ureka has employed a new quality control manager, Ken Gray. He spoke to Johann Gerber about his career at Mercedes and the excitement of being part of South Africa’s most buoyant industry
Ken Gray, quality control manager, Eureka.
DIY: Morning Ken. Please tell me more about your background.
KG: I am a born and bred Johannesburger. I grew up on the West Rand and attended Saints High School. After matriculating I went to Wits where I studied Industrial Engineering.
I completed my studies in 2005 and joined the Mercedes Group in South Africa. I was immediately sent to Germany where I was trained as a Quality Run-in Controller. This enabled me to be involved in the checking processes for the launch of the new C-Class Mercedes.
At the beginning of 2007 I moved to East London where I swapped to campaign management. Here I looked into identifying problems so that Mercedes could deliver better service and offer higher quality. At the end of the year I joined Eureka as quality control manager.
I am very happy with the move into hardware and enjoy the fast pace of the industry. The motor industry is somewhat boring and basically follows a seven-year cycle.
DIY: What challenges do you see for the hardware industry?
KG: The biggest challenge will be to control China. The influx of grey products, low quality products and sub-standard products is something which companies should rather try to help solve than to drop their prices.
The next challenge is to then adapt to the changing economic climate which we are seeing in South Africa at the moment.
DIY: How do you control China’s influence?
KG: Well, the Chinese are very enthusiastic, but the people there need knowledge and skills. The other problem is that there is no legislation in place which forces the businesses there to look after the environment.
Almost none of the companies there are ISO compliant. At the end of the day, the help offered to China should not just be in terms of standards and improving quality, but also to assist in the country taking better care of the environment.
Companies that have a relationship with China should invest in helping them to build companies based on best practice principles. It is a concern to see the other powerhouse, India, following a similar route.
DIY: What are Eureka’s strengths?
KG: Eureka has very strong physical logistics. It is one of the few companies in South Africa which can deliver to the small stores in the far outlying areas of the country.
From a sales perspective, the company boasts flexible sales people that are willing to help when a customer is in dire need of assistance.
DIY: What inspires you?
KG: I am self-motivated and very ambitious. I am an outdoors-type person and enjoy mountain biking and getting in touch with nature.
DIY: Looking at the next 3-5 years, what are the challenges Eureka and other South African companies will face?
KG: For us, the price of steel is a big concern. Steel prices have jumped 60% during the first half of 2008. The problem herein lies that all fasteners are made from steel. This is followed by direct supply and quality of the products supplied. With petrol prices continuing to climb, transport costs are also expected to shoot through the roof.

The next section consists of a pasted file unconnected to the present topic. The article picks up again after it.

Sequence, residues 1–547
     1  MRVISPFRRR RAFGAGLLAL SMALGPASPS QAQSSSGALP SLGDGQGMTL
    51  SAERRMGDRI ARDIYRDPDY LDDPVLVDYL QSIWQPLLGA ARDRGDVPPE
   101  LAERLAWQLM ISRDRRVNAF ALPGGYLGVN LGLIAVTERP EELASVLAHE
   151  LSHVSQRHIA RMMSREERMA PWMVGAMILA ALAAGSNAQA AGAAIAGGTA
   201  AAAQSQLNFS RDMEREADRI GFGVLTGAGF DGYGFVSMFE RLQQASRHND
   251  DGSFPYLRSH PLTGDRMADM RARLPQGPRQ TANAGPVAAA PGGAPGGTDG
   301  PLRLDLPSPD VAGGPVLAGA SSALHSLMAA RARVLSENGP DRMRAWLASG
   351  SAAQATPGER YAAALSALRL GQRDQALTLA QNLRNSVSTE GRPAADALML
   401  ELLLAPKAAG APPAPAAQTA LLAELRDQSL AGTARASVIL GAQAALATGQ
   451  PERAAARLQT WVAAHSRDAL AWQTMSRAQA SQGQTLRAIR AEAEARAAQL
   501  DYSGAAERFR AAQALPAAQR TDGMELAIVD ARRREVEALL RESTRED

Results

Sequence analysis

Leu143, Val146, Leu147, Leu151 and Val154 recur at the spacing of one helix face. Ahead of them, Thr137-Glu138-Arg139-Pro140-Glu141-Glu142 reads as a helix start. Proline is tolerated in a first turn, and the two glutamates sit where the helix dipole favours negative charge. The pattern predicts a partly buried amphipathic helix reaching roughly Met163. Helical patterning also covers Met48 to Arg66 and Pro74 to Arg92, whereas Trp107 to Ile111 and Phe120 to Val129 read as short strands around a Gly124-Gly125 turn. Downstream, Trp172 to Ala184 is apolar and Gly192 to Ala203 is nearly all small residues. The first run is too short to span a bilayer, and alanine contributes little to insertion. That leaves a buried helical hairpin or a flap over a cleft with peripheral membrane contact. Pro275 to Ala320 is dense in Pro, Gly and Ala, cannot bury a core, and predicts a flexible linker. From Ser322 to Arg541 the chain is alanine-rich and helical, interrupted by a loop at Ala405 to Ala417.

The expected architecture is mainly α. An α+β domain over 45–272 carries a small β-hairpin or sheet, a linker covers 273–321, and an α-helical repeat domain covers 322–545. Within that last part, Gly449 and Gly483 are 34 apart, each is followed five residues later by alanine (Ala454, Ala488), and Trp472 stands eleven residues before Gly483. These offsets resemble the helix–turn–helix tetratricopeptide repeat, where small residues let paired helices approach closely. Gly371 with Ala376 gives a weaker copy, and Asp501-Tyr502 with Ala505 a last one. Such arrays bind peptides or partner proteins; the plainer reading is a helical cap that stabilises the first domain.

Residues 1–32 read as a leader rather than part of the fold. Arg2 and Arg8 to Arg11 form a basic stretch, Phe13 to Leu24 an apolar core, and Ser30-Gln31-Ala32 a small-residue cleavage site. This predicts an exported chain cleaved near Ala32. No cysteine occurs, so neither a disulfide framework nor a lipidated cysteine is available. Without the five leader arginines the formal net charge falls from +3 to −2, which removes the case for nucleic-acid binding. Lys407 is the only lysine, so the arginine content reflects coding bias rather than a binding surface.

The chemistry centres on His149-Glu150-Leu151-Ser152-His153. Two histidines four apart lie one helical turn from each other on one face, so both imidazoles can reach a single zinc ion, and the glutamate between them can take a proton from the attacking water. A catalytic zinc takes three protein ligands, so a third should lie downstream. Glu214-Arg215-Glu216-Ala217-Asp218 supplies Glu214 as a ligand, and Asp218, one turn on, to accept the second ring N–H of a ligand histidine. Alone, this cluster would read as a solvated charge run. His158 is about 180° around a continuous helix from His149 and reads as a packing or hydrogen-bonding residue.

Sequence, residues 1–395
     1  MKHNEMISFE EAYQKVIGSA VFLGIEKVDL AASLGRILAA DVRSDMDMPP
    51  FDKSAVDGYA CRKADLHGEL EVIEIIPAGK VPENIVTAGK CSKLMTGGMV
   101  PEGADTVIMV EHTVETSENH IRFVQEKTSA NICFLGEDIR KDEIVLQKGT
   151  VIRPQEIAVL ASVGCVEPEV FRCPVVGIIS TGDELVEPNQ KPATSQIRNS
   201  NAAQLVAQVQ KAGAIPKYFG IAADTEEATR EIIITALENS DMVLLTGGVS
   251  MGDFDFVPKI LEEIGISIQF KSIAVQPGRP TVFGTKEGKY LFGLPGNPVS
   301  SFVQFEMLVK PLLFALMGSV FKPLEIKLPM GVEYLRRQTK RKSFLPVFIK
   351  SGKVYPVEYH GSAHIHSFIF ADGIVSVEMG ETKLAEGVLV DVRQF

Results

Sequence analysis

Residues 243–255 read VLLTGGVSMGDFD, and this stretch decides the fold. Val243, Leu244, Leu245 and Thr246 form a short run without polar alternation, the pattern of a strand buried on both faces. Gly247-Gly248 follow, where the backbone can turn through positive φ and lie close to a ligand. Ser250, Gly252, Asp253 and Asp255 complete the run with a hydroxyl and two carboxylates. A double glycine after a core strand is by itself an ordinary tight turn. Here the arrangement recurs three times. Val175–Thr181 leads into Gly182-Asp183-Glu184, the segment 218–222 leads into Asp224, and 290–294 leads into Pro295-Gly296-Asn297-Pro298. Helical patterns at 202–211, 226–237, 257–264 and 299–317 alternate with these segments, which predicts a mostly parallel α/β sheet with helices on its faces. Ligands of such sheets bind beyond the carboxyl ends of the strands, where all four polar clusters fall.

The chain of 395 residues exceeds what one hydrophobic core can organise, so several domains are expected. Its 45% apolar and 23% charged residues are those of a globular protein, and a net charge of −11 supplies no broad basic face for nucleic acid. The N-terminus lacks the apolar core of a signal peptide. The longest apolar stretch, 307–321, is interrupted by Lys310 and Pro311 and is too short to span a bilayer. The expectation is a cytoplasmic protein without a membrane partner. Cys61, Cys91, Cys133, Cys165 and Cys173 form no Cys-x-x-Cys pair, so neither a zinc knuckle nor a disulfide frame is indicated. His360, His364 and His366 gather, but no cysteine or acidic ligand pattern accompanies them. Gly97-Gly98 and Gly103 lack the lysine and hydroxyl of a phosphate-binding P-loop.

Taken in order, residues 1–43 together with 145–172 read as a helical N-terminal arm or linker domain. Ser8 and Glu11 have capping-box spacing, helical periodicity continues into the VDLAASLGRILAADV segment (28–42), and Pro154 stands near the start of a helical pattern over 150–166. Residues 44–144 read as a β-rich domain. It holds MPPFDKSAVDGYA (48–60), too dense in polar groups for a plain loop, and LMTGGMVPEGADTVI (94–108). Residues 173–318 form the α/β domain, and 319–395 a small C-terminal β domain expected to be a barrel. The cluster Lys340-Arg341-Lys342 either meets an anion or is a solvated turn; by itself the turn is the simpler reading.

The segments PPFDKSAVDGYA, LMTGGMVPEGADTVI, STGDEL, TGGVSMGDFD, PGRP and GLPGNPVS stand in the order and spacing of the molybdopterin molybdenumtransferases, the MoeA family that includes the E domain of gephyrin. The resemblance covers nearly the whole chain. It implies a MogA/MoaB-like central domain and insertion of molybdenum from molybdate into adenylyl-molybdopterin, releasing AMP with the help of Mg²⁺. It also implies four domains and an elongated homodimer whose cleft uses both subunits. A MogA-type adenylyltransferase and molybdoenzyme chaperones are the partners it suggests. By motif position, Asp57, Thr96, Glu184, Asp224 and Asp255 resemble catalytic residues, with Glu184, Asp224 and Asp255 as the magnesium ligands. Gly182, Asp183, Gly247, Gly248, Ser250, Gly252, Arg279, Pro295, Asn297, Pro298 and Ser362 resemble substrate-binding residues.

DIY: Where is Eureka’s next opportunity for growth?
KG: We are investigating the viability of solar energy. There seems to be some potential. Personally I am driven by bio-fuels and would like to investigate the possibility even further.
DIY: What is the secret to your success?
KG: Vasbyt! For some odd reason I’ve always been thrown in at the deep-end. For example, when I went to Germany, I went to a little town where no one spoke, or wanted to speak, English. They were happier with me speaking really bad German!
I think another attributing factor is my ability to make decisions and to adapt to certain situations.
DIY: How would you describe quality control?
KG: In one word – measurement. It is the identification of the critical variables and measuring them, thus controlling them. However, one has to take the market’s perception into consideration.
It is not only about giving the people the right product for the task at hand, but meeting their expectations. It can be quite challenging as sometimes I spend quite some time trying to work out what the designer’s intentions were with certain products.
In the hardware industry this is even tougher as the maturity of quality control in this industry is fairly unknown.
DIY: How can quality control be improved?
KG: It is definitely going to take a mindset shift. It is about producing the correct product for the consumer and not about the volumes which can be produced. It all boils down to manufacturers producing the correct product at the right time at the correct quality.
DIY: What are Eureka’s plans for the future?
KG: We are looking into upgrading the Fort Knox range – the range needs a bit of a facelift. When people think about Fort Knox, they shouldn’t think screws, nails and bolts, but rather locks and handles.
The range has a very good name in the industry and we now want to expand on this. Fort Knox should become an entity in its own right. With this in mind, we are embarking on a period now, where we want to separate the identities of Eureka and Fort Knox and will even move the Fort Knox merchandising away from the Eureka merchandising.
DIY: What impact will the changes have on quality at Eureka?
KG: It will definitely make life simpler. The great thing about upgrading certain ranges is that one gets to be part of the selection process from the beginning. This will help us to select the right supplier, delivering the right products. It makes controlling the critical points much simpler.
DIY: Where do you see yourself in five years?
KG: I would like to move into the world of manufacturing consulting.